Dr. Khaled M. Batarfi,
When asked by the Australian ABC Radio if I thought the war on Iraq was a Christian crusade against Islam and Muslims, I said no. In my opinion, this was a war led by an American administration driven by greed, religious convictions, ignorance and arrogance.
The trouble is, not every Muslim and Arab understands matters this way. Unlike the last Gulf War, the soldiers who fought in Iraq were mostly Protestant Christians. I try to explain things to my audience. Fortunately, I am helped by the millions of anti-war Christians who demonstrated en masse and made their stand known to their leaders and the world.
An Australian lady called the same day the interview was broadcast. She obviously did some research to get my office number. What she told me touched my heart and brought tears to my eyes. “Not in my name!” she said. “Not in my children’s name, and certainly not in my religion’s name was this war conducted. Thank you for telling your fellow Muslims and Arabs this truth. Please, in the name of God, keep fighting to spread this message. I know it is an uphill battle, but I promise you I will protest in every possible way, and you promise me to tell your people about us, the good, decent and peaceful Christians of the world.” I promised.
But all this is behind us now, and what is done is done. America is here now and I am willing to give her the benefit of the doubt. After all, we did get rid of a dictator, the Iraqis are liberated from an oppressive regime, and some of our worst fears were not realized — prolonged war, masses of refugees, and environmental catastrophes. These balance the realized fears: That we are unprepared for a power vacuum, lawlessness and ethnic-religious tension.
Now that we are neighbors, we need to be on good terms. We need our stronger neighbor to maintain peace and stability, and our neighbor needs us to help out with the advertised project of making the region more democratic, advanced and peaceful for the benefit of its people, the US and the world. If we agree that we need each other for a better future, the question becomes: What do we want from America, and what does America want from us?
I will start with what we want from America, since I know this part better. Next, I would like to hear from my American friends, readers, and officials what the US, country and people, want from us. This communication line will be my two-cent contribution to better Arab-US understanding, trust and friendship.
First: We need peace. You can’t have freedom and democracy, investment and prosperity in a war zone. What we know about the road map to peace is good enough to demand immediate publication and implementation. The Palestinians accepted the plan “as is”; the Israelis want to fundamentally change it. We expect the US to prove its good intentions and impartiality by demanding full acceptance and implementation from both parties, and rigorous supervision from the plan’s sponsors (the UN, the European Union, the USand Russia).
Second: We need reforms. Iraq is a test America cannot afford to fail. If Iraq can be modeled into a prosperous democracy while preserving its cultural heritage, territorial integrity, and racial cohesion, other countries could learn and follow its lead. Other explicit and implicit promises must be kept as well. The forces will leave as soon as a mission is accomplished and there are no more wars and hidden agendas, Iraqis will not be forced to ally themselves with Israel against their fellow Arabs, or with consuming countries against producers, and its natural wealth will not be used to finance war bills and hungry US contractors.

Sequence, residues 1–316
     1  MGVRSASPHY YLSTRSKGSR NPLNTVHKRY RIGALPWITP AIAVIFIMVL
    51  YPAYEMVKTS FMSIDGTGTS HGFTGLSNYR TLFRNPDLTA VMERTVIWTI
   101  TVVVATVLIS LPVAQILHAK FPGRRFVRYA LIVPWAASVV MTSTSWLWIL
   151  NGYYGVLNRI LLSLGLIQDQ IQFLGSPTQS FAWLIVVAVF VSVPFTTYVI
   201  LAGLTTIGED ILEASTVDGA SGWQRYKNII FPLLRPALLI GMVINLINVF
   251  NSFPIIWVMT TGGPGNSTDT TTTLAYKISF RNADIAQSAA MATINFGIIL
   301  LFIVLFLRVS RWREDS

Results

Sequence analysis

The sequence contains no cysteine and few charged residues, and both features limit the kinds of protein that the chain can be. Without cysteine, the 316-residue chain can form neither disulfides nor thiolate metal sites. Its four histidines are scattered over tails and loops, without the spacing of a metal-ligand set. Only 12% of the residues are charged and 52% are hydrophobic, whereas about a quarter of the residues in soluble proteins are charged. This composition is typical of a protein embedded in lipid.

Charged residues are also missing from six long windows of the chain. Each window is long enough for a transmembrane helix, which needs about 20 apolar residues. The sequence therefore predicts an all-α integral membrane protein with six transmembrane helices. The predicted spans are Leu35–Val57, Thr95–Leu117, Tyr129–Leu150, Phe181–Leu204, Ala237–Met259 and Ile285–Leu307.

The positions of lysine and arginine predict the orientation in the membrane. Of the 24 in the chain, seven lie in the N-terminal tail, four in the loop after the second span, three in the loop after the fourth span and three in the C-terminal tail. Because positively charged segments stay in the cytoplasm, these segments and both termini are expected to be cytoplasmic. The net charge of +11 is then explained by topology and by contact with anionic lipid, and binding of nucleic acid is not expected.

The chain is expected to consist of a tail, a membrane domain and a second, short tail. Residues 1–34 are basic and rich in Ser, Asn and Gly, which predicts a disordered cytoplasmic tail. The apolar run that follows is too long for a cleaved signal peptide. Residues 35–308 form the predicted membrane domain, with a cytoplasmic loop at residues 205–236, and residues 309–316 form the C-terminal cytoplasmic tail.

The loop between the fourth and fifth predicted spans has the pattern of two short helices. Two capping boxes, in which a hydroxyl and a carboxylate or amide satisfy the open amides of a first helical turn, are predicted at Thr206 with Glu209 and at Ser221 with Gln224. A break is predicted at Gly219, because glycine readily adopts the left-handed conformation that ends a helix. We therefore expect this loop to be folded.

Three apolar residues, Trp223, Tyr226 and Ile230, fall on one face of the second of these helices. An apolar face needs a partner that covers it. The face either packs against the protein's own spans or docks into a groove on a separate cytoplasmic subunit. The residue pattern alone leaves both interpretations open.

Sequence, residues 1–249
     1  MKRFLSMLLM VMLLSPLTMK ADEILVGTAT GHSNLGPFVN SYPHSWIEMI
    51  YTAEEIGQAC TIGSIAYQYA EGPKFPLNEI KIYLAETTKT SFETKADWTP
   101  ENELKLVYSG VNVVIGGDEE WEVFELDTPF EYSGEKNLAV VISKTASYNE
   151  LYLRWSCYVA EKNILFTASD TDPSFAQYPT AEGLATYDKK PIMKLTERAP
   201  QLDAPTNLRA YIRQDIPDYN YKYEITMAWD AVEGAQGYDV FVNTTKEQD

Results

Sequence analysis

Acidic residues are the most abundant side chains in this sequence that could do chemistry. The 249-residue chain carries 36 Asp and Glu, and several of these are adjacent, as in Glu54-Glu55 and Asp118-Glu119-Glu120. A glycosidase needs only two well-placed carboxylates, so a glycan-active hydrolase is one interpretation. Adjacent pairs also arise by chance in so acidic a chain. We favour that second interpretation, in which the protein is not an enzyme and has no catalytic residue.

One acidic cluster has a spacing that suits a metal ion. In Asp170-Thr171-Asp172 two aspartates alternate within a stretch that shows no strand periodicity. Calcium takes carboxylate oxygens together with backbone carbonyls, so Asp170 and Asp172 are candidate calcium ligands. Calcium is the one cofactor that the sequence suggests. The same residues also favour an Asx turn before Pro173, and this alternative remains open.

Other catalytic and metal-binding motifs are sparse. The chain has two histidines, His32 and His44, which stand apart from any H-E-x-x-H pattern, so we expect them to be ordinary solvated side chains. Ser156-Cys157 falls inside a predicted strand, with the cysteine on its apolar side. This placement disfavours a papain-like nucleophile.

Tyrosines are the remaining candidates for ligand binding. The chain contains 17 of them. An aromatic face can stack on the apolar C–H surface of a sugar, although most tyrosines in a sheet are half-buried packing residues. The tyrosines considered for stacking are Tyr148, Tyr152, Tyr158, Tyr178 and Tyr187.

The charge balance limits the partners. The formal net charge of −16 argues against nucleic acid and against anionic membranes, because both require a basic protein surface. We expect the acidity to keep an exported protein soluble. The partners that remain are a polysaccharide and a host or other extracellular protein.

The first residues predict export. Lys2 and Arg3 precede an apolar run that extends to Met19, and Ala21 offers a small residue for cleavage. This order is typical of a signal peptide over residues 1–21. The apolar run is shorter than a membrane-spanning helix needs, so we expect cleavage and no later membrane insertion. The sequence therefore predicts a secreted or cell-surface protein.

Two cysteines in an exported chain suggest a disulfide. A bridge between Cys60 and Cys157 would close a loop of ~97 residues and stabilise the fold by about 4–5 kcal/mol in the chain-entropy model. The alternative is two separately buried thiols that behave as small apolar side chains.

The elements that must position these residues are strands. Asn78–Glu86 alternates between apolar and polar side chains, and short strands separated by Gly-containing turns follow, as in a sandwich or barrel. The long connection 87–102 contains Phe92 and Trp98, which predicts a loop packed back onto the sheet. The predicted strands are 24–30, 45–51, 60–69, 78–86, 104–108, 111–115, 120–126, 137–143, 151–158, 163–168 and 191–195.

Third: We need good partnership. America has a lot to offer and benefit from. It needs a stable region, oil flow and prices; we need technology transfer, access to US markets, and economic cooperation. Over-cautious security measures while understandable in the past should now be reassessed. Arab-Americans as well as Arab students, businessmen and visitors have been under strict watch for too long. Visa barriers and stories of FBI harassment made many choose other countries for their education, business and vacations. That is a big loss, since we need more understanding between our peoples that will only come with direct contact, over and above media misrepresentation and misinformation. Those who lived and worked in America are its best ambassadors to the world. Families will believe their kids’ reports about the good Americans and the inspiring American dream more than the media. Such human exchange is our best hope of overcoming the misunderstanding, defeat the dark forces of hate and war, and build a “civilized” bridge between our civilizations.
Fourth: Hyper-power requires hyper-awareness, sensitivity and modesty. Naturally, people are apprehensive of the powerful. To calm a world in shock and awe of mighty US, it needs to balance military might with civility might. Now that the war on Iraq has ended, the war for hearts and minds should restart in earnest.
Finally: It is not true that Arabs and Muslims have always been angry at America. The US has no colonial history, and except for the blind support of Israel and the Cold War propping-up of dictatorships and Arab dictators. We really have no issue with America — less so with the American people. Therefore, addressing the above will certainly eliminate the rational concerns, which feed irrational suspicions and give credence to misinformation and conspiracy theories. America, then, will be what it really is about — global peace, freedom and cooperation. Now, this is a war worth waging, and a victory worth fighting for.
Arab News Features 27 April 2003